So, if you want to become the benchmark, consider going after the featured snippet, as that is very likely the first thing searchers will see.
The bandwagon effect is a phenomenon whereby the rate of uptake of beliefs, ideas, fads and trends increases the more that they have already been adopted by others.
We’re likely to choose something based on how many others have also chosen it. It’s all about authority and our desperate subconscious desire to fit in.
Phrases like “the popular choice”, “an amount of others liked this” or “join thousands of happy customers” can work wonders in your meta descriptions.
You can also get clever here and use the bandwagon effect in your Google My Business posts to add another aspect of social proof.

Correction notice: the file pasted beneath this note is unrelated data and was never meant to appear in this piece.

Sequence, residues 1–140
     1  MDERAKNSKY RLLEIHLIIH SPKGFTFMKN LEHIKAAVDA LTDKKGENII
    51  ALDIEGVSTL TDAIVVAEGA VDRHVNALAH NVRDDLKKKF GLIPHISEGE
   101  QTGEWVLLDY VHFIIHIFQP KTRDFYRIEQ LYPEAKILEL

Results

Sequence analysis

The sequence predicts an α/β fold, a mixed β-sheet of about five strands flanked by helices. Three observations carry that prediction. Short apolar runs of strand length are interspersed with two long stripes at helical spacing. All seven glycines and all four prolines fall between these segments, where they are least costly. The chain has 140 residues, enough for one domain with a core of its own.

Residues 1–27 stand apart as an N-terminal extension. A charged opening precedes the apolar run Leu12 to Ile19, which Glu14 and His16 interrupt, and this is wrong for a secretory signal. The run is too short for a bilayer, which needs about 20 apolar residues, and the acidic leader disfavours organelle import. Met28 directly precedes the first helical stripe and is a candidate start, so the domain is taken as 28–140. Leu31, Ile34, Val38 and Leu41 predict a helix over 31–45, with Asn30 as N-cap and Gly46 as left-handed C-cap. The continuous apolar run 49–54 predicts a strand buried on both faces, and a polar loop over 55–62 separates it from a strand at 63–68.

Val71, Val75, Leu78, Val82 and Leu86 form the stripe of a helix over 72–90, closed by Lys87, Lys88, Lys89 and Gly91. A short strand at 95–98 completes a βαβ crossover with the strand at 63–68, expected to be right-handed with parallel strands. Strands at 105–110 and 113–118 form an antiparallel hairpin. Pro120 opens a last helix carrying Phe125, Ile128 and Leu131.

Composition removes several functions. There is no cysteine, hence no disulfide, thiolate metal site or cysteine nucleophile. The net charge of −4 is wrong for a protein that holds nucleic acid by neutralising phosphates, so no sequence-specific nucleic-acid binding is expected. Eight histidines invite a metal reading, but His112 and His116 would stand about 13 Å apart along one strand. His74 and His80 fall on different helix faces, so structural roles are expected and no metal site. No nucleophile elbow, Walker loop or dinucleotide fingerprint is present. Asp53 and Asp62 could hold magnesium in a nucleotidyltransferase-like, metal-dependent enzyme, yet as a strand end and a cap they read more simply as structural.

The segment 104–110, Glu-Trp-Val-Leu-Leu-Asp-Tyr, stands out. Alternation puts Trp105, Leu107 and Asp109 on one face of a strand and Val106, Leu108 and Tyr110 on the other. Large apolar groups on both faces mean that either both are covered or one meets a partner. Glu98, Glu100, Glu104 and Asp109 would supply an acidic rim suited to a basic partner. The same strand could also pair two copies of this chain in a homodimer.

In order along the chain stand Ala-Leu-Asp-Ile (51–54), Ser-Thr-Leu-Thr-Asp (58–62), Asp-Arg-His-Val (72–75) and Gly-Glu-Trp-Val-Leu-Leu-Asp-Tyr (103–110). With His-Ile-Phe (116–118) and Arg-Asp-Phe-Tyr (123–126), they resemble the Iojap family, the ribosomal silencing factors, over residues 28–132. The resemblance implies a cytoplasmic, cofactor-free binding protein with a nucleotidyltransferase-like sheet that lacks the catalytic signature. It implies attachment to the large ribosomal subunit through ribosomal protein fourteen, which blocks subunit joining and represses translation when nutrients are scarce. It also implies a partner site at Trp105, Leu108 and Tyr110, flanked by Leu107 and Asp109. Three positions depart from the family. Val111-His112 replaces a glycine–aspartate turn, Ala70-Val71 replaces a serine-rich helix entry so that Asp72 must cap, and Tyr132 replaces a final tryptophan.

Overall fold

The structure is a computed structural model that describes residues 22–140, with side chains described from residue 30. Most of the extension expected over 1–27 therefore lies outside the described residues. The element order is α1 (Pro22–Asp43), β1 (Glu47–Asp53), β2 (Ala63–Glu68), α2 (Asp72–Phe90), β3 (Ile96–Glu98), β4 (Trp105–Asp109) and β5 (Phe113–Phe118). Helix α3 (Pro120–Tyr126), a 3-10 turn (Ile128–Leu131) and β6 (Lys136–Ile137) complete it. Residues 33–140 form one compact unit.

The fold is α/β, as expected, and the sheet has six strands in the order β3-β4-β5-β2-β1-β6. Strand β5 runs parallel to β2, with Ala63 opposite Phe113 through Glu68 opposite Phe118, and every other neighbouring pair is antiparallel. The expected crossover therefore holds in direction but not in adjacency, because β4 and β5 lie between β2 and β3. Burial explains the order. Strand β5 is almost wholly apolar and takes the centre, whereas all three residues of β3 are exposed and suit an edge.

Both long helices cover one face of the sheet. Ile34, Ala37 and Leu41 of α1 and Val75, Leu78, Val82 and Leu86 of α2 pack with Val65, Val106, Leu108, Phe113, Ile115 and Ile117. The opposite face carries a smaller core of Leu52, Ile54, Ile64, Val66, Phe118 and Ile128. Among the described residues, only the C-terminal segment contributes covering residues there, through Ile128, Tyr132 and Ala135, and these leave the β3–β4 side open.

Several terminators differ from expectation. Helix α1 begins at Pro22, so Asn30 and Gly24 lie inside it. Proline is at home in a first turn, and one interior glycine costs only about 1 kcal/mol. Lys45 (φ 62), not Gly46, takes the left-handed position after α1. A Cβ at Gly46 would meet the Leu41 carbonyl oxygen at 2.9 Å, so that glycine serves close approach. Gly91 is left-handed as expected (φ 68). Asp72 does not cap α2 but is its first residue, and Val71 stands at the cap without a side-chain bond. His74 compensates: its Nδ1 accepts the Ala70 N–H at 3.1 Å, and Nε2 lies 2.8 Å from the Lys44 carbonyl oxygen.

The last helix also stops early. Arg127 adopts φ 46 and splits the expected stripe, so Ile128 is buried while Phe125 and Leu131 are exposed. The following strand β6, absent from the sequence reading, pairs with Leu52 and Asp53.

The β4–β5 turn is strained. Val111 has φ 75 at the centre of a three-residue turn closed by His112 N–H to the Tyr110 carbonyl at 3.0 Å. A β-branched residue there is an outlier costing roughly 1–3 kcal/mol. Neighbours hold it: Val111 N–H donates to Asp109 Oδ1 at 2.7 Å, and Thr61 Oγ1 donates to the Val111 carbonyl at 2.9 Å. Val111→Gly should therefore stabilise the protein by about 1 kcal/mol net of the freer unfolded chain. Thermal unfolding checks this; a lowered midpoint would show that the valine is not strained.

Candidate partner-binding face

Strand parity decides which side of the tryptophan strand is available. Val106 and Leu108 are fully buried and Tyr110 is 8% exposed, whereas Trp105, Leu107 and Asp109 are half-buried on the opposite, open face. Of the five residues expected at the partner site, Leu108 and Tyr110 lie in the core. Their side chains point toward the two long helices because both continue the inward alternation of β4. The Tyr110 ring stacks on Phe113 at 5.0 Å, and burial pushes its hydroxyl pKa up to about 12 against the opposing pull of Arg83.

How to use cognitive biases in your content
You can use a range of persuasive techniques on your pages to encourage your visitors to take action on your website. This could be on informational pages, local pages, lead generation pages and transactional pages. Here’s how:
A context effect is an aspect of cognitive psychology that describes the influence of environmental factors on one’s perception of a stimulus.
So, great content won’t do the trick if you neglect to consider the usability of your site. Page speed, time to interact and general site design (without annoying pop ups!) are crucial factors. If your visitors find your site appealing they are more likely to remember it and return.